Monday, June 27, 2022

Hepatitis C Causes Liver Damage

Hepatitis C And Liver Damage

Hepatitis B Can Cause Liver Damage, Cancer

THe HCV virus causes hepatitis C.

People contract the virus through blood-to-blood contact with contaminated blood. For transmission to occur, blood containing HCV must enter the body of a person without HCV.

A speck of blood, invisible to the naked eye, can carry hundreds of hepatitis C virus particles. The virus is not easy to kill.

The CDC offers advice on cleaning syringes if it is not possible to use clean and sterile ones. Although bleach might kill the HCV in syringes, it may not have the same effect on other equipment. Boiling, burning, and using alcohol, peroxide, or other common cleaning fluids to wash equipment may reduce the amount of HCV, but it might not stop a person contracting the infection.

It is extremely dangerous to inject bleach, disinfectant, or other cleaning products, so be sure to rinse the syringe thoroughly. Only ever use bleach to clean equipment if new, sterile syringes and equipment are not available.

A person cannot contract the virus from casual contact, breathing, kissing, or sharing food. There is no evidence that mosquito bites can transfer the virus.

The report the following risk factors for developing hepatitis C:

  • using or having used injectable drugs, which is currently the most common route in the U.S.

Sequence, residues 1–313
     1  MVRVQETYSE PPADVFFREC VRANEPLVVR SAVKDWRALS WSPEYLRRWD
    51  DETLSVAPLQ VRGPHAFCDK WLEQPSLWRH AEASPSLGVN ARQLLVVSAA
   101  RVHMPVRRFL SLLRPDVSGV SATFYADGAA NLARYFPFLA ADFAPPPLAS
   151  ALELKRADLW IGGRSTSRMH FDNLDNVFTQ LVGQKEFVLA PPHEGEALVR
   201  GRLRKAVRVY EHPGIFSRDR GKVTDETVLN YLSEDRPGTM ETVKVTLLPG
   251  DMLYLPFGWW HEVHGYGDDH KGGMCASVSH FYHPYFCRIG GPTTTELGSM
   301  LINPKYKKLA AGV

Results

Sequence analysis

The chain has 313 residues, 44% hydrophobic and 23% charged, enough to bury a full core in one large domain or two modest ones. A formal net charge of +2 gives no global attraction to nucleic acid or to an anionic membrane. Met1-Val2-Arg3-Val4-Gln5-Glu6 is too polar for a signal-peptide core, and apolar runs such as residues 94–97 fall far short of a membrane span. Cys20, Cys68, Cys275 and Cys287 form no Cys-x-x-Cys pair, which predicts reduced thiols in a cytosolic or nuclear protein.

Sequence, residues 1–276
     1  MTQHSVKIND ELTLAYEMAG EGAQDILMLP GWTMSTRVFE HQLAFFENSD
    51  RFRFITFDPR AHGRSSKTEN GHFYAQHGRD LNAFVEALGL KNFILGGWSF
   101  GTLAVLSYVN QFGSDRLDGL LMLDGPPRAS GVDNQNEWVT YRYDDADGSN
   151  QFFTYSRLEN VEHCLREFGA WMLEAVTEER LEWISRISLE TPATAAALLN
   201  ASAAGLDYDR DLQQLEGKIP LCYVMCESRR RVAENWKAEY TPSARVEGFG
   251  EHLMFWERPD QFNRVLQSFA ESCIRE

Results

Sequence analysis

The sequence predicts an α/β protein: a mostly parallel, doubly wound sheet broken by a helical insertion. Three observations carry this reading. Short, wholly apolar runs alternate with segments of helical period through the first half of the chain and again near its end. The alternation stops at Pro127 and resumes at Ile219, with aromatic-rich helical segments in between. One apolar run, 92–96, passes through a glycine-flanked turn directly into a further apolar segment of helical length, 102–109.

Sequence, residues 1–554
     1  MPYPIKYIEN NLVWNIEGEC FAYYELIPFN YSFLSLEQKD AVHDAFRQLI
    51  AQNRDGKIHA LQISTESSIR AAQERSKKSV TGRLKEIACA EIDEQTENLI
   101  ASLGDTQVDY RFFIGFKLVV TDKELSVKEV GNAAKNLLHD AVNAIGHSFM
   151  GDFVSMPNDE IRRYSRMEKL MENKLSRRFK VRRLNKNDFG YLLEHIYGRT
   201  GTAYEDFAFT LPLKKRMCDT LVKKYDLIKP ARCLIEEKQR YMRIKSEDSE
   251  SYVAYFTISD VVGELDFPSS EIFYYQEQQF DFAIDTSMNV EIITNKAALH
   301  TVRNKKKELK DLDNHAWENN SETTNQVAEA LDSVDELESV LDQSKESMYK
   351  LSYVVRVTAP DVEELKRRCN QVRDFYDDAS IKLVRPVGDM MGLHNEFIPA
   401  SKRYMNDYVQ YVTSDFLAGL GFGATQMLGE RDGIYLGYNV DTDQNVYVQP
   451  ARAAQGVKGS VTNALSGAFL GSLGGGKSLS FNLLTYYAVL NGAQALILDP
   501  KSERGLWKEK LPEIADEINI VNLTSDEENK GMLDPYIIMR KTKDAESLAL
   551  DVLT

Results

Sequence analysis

• receiving transfusions or organ transplants before 1992, which is before blood screening became available
  • exposure to a needle stick, which is most common in people who work in healthcare
  • being born to a mother who has hepatitis C

Stages Of Hepatitis C

The hepatitis C virus affects people in different ways and has several stages:

  • Incubation period. This is the time between first exposure to the start of the disease. It can last anywhere from 14 to 80 days, but the average is 45
  • Acute hepatitis C. This is a short-term illness that lasts for the first 6 months after the virus enters your body. After that, some people who have it will get rid of, or clear, the virus on their own.
  • Chronic hepatitis C. For most people who get hepatitis C — up to 85% — the illness moves into a long-lasting stage . This is called a chronic hepatitis C infection and can lead to serious health problems like liver cancer or cirrhosis.
  • Cirrhosis. This disease leads to inflammation that, over time, replaces your healthy liver cells with scar tissue. It usually takes about 20 to 30 years for this to happen, though it can be faster if you drink alcohol or have HIV.
  • Liver cancer. Cirrhosis makes liver cancer more likely. Your doctor will make sure you get regular tests because there are usually no symptoms in the early stages.

Learn more about the stages and progression of hepatitis C.

What Is Viral Hepatitis

In general terms, hepatitis means inflammation of the liver. Hepatitis is not one, but many diseases in which the liver becomes inflamed, and its cells are damaged as a result of inflammatory chemicals being produced and released in the liver.

Though hepatitis commonly results from one of five recognized hepatitis viruses A, B, C, D, or E it can also be caused by excessive alcohol, toxins, an unhealthy diet, various drugs, autoimmune diseases, metabolic disorders, poisons, fungal infections, and certain other viral infections , as well as some diseases of the biliary system.